By James H. Nolt
This week I depart into fantasy, but informed by real-life financial operations. I watch very few TV series, but sometimes there is a compelling show that draws me in. Lately that has been USA Network’s “Mr. Robot.” This corporate dystopia is topical these days because of the crucial role of computer hacking and financial crisis in its drama.
“Mr. Robot” features a somewhat overused dramatic device (and a fair warning, there are spoilers ahead): the main character, Elliot, a computer security specialist, has a split personality, the twist being that his other self is his deceased(?) father, who always wears a jacket with the logo “Mr. Robot,” the name of said father’s former computer repair store. Elliott is drawn into a plot by a revolutionary hacker group called “fsociety,” probably led by his alter ego. The group plans to hack into the computers of a huge industrial-financial conglomerate, Evil Corp, and destroy all its records as revenge against its misdeeds.
By the end of the first season, the plot has gotten convoluted since it seems that the CEO of Evil Corp is knowledgeable about and possibly involved in fsociety’s plot. He seems pleased when it succeeds in crashing his massive conglomerate’s computers and records, and, with so much uncertainty, world stock markets collapse.
Two parties at the end of the season illustrate the contrasting perspectives of fsociety and Evil Corp. The fsociety plotters organize a farcically ironic “End of the World” party to exuberantly celebrate breaking their adversary. Yet simultaneously, a luxurious private party featuring well-heeled business leaders from around the world, including the CEO of Evil Corp, seems unruffled, unbeknownst to fsociety. The writers of the series leave a giant question mark, presumably to be resolved during the second season, about why Evil Corp’s CEO is so smug.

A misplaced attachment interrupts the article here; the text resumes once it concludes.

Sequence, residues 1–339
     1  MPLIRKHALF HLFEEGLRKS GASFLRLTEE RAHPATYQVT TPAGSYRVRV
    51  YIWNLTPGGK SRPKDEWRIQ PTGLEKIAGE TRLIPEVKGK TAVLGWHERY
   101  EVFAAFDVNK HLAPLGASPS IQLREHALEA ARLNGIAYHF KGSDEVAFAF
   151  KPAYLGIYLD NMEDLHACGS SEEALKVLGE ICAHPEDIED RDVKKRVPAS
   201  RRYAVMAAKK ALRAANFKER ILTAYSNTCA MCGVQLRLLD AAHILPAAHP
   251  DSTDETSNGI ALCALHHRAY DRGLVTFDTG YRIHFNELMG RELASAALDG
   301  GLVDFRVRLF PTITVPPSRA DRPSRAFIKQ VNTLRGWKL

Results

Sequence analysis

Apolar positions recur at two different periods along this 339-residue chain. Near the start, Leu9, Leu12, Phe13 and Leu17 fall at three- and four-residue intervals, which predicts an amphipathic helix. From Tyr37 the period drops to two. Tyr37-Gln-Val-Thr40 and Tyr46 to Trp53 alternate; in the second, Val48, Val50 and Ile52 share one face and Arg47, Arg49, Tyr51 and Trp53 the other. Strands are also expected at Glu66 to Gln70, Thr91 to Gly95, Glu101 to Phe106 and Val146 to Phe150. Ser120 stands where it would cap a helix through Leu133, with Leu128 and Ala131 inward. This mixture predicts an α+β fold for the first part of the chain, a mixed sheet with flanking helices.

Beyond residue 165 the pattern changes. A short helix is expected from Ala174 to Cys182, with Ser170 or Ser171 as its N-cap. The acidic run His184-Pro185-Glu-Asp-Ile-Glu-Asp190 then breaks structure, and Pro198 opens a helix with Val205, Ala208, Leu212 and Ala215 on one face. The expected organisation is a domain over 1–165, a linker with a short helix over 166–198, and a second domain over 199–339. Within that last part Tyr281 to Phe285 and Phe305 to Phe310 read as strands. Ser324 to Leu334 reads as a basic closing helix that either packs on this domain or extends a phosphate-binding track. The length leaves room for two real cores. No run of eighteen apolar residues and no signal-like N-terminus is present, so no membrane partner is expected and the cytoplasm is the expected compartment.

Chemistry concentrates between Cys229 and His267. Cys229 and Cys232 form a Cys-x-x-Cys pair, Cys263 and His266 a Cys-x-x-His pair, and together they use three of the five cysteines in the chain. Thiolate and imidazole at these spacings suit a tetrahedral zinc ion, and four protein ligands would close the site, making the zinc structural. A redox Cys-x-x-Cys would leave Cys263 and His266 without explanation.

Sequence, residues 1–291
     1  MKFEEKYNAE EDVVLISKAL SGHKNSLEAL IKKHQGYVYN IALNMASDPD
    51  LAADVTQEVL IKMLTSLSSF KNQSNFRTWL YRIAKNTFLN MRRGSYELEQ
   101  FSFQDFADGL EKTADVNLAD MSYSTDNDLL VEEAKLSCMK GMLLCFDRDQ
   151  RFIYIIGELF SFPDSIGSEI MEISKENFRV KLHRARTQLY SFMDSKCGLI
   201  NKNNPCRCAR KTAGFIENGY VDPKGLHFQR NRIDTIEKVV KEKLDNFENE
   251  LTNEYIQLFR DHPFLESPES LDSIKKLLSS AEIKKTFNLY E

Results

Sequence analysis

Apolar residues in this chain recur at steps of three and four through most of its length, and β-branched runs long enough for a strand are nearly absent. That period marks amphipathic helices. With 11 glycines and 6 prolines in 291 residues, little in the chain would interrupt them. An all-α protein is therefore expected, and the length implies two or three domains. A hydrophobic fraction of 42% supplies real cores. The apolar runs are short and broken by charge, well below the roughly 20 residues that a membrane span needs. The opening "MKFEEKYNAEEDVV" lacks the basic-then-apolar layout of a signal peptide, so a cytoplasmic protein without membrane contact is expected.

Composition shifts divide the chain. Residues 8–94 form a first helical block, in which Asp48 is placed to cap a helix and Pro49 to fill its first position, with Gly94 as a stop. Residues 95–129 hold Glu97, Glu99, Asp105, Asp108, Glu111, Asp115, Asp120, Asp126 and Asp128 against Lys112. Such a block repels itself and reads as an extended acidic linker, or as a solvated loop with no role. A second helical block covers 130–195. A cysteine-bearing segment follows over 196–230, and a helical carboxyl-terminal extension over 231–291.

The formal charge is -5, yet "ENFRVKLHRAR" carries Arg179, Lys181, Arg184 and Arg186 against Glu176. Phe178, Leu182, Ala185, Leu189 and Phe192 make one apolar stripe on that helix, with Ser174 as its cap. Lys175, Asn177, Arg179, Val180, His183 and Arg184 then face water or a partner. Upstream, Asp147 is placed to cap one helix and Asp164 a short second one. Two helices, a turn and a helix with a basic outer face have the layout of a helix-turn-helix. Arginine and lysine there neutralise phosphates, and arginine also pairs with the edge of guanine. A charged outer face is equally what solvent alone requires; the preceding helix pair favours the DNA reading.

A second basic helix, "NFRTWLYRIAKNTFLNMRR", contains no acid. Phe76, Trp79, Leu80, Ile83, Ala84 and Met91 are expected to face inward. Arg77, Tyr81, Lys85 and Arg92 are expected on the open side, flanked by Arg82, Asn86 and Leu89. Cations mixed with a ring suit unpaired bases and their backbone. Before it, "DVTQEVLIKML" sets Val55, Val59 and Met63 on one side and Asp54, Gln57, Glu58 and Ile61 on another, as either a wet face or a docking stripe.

Based on what you have learned from reading my blog so far, you might join me in anticipating one possible resolution. One giant clue is that the corporate logo for Evil Corp is a tilted capital ‘E’ strikingly similar to that of Enron, a notoriously corrupt corporation whose collapse in 2001 precipitated the crash of the stock market that year and also bankrupted Enron’s complicit accounting firm, the previously venerable Arthur Andersen. Will art imitate life?
Enron, like Evil Corp, was a conglomerate with a variety of financial and industrial divisions, including core businesses in electrical power and natural gas. Enron developed an active market in energy derivatives. Enron traders used derivatives to bet on future energy prices simultaneously as the company manipulated the supply to create or resolve shortages, thus assuring that the most of its bets paid off. Its executives also profited personally from manipulating the stock price.
The leaders of Enron probably felt themselves relatively immune from prosecution because they had generously supported the Republican Party and the newly elected President, George W. Bush, former governor of Texas, where Enron was headquartered. As it turned out, Enron’s considerate clout was insufficient to cover up the audacity of its crimes. Kenneth Lay, Enron’s Chairman; Jeffrey Skilling, CEO; and Andrew Fastow, CFO, were eventually convicted and sentenced to jail. Another executive, Cliff Baxter, shot himself, similar to one of the officers of Evil Corp in the TV series.
The corruption of Enron and other corporations at that time, including WorldCom, induced Congress to pass the Sarbanes-Oxley Law in 2003, increasing the penalties for corporate fraud.
What is unexplained (so far) in “Mr. Robot” and was little explored during the Enron crisis is exactly how CEOs might profit enormously from destroying the companies they run, if only they could get away with it. Of course, we hope law enforcement is sufficiently vigilant to prevent this, but part of vigilance is public awareness of the possibilities.